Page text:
Reminder: We’re making a movie about kidnapped kids in China and we kind of need your help. Please check out our official site, or the special section we’ve created on ChinaGeeks. Or just check out the trailer below. You can make a donation via that Paypal button over there on the right hand side of the page, you’ll get cool rewards, and 20% of your donation goes to help the Xinxing center, so you can help them and us at the same time!

For more info on kidnapped children in China you can also check out my article in Foreign Policy on the subject.

Announcing “Living with Dead Hearts”

UPDATE: I didn’t expect this to happen so soon, but Foreign Policy has published a freelance article I wrote on the problem of kidnapped children in China. I think it’s a good primer on the issue in general and some of our subjects in specific. You can check it out here.

Longtime readers of the site have probably been aware for some time that some of the folks behind ChinaGeeks have also been working on a documentary for the past year or so. Today, I want to share with you a bunch of new information about that work.

We’re still in the process of shooting it, but we’re a lot further on than we were the last time I updated you here. The film now has an official title — Living with Dead Hearts: The Search for China’s Kidnapped Children — and we’ve even put together an early trailer which you can watch below to get more of a feel for what it’s going to be like when it’s finished (the trailer starts at about 0:30).

As you can see, we’re raising money again to help us continue production, and also to help out our friends at the Xinxing Aid center. We’re raising the money ourselves this time through Paypal so that we can give 20% of it to Xinxing rather than using Kickstarter and having to fork over a percentage to them and to Amazon payments. We’re looking to raise about $4,000.

We’ve got a new website for the film set up at www.livingwithdeadhearts.com but I thought I’d also lay out a little but of information for you here. We may not be using Kickstarter, but we will be running things the same way they do, in that donors can choose how much they donate and are eligible for rewards based on their donation (you can also opt out if you don’t want the rewards).

    • Donate $1 or more: Your name goes in the end credits of the film and you get access to exclusive donor-only content like desktop wallpapers.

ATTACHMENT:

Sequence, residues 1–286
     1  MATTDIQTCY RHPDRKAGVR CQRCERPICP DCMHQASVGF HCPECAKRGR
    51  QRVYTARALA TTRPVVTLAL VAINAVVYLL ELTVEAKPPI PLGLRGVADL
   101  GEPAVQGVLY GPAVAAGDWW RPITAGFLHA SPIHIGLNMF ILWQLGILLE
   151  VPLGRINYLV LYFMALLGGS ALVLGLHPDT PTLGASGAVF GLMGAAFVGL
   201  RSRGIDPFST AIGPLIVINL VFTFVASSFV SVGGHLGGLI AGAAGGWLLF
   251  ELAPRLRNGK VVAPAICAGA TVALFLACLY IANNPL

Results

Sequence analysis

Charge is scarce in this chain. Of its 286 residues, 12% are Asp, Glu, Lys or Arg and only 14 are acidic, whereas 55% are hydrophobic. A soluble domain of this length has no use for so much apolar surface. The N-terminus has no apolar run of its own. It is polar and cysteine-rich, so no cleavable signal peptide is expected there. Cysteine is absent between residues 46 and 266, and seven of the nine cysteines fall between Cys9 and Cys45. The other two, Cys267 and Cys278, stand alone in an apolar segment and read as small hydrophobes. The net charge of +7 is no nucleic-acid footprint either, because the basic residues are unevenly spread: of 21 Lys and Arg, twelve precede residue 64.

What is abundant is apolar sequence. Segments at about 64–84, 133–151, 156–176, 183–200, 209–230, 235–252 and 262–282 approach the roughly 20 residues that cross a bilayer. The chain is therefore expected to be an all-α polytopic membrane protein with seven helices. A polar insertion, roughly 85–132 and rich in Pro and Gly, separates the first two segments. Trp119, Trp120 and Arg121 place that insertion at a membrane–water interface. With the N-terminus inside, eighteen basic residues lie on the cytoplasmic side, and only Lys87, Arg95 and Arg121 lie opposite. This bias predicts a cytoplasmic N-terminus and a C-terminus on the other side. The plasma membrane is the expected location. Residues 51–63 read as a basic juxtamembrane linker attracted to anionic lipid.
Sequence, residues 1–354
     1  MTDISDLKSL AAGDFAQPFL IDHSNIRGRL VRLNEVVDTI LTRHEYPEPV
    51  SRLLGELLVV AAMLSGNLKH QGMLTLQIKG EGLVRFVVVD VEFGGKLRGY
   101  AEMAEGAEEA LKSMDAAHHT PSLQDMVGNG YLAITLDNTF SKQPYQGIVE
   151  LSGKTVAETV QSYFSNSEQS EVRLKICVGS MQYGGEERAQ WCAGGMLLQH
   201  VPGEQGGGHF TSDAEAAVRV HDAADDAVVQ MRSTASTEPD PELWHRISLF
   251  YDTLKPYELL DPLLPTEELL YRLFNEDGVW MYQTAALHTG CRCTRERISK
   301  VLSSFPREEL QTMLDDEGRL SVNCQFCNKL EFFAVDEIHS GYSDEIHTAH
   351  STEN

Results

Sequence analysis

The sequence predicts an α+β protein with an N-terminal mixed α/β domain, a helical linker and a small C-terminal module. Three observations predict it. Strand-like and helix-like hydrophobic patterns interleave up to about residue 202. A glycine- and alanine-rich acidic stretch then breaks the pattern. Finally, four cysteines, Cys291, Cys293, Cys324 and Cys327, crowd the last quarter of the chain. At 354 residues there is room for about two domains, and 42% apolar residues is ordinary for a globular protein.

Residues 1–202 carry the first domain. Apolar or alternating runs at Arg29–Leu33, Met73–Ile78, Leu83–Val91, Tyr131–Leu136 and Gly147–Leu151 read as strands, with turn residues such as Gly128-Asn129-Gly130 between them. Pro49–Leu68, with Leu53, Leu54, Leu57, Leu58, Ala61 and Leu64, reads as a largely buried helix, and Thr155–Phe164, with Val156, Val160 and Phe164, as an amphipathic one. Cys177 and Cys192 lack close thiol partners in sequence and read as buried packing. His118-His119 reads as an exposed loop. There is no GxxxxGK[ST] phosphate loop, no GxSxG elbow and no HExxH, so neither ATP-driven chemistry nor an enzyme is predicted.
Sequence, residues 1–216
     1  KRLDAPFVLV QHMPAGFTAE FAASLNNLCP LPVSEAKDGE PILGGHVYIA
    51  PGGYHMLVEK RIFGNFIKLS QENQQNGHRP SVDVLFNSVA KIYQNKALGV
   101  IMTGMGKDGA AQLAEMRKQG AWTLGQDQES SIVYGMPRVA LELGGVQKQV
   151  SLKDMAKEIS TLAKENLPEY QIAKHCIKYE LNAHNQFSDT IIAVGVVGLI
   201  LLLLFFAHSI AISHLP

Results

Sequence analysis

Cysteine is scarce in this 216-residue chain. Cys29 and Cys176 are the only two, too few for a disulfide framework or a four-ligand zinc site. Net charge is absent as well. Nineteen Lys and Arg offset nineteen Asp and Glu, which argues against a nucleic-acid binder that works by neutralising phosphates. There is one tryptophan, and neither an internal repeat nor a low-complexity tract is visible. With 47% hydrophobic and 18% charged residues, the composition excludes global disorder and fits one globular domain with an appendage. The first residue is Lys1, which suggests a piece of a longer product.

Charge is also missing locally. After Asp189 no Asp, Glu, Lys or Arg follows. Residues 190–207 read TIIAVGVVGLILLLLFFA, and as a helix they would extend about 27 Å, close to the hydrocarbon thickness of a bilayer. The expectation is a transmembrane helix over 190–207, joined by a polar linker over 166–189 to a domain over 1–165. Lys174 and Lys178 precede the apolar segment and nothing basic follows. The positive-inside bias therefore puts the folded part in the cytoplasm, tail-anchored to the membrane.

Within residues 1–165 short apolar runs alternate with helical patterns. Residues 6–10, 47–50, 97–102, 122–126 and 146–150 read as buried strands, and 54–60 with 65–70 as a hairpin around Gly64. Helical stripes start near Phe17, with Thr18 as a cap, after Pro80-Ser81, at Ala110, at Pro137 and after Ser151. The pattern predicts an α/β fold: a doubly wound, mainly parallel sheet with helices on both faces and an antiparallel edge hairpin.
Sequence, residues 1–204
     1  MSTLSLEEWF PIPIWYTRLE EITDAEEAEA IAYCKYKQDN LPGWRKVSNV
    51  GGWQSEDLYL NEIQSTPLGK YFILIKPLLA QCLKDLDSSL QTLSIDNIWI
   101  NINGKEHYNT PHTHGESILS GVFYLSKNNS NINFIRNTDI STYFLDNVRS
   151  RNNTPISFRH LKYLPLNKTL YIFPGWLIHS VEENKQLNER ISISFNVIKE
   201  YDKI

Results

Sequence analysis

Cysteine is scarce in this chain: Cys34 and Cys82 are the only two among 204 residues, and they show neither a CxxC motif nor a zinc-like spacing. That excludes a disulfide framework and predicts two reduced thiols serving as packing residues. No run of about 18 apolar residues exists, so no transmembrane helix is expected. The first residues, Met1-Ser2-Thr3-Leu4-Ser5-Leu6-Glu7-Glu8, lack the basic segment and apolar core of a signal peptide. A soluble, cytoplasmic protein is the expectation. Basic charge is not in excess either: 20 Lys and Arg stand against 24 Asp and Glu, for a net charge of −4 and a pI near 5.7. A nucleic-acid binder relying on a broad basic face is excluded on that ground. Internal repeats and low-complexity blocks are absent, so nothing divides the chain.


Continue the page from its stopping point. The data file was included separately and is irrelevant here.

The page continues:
• Donate $15 or more: All the above, plus access to our monthly production updates via email.
    • Donate $30 or more: All the above, plus access to production stills.
    • Donate $50 or more: All the above, plus access to exclusive video clips and a DVD copy of the finished film once it’s done.
    • Donate $100 or more: All the above but now the DVD is signed and accompanied by a personal thank you letter from the director.
    • Donate $250 or more: All the above, plus contact our producers to ask your own questions to our interview subjects and get their responses translated for you.
    • Donate $500 or more: All the above, plus you’re listed as an Executive Producer and an invitation to one free dinner with the director the next time you’re in Beijing.
    • Donate $750 or more: All the above, plus personalized updates on the film’s progress straight from the director, who you can also chat with on Skype about the film’s progress.
    • Donate $1000 or more: All the above, plus exclusive early access to the finished film and the chance to record an audio commentary for the soundtrack.
    • Donate $2000 or more: You are incredible. You get everything listed above, and anything else you can think of that we can feasibly provide. Talk to us about how we can make you a part of the film.

    Some pretty cool stuff, no? Hey, how did this button get here…

    You may recall we did this last year, and were pretty successful, so it’s quite reasonable to be wondering why we have to do it again. The main reason is that my computer simply isn’t going to be able up to the task of editing hours and hours of HD video. A dual-core processor and 2 GB of RAM would be pretty suspect specs under the best of circumstances, but of late it’s also been corrupting files and has outright stopped recognizing the AVCHD files that make up about half of our footage. Probably there is some kind of software fix for that, but given that the battery, power cord and optical drive are all broken, it seems like a better idea to buy a new computer so we can do our work on a system that’s reliable.

    Additionally, we’re having to travel quite a bit more than we originally expected, and travel is costing more because in several cities we’re being forced to stay in three-star hotels because the cheaper hotels aren’t willing to book a foreigner, which we hadn’t anticipated because it’s never been an issue for me before.

    Of course, there’s much more to say, and you may have questions; there are lots more details on the official site so go check that out. I’ve also created a special section of ChinaGeeks dedicated to the film and the problem of kidnapped children; you can check that out here.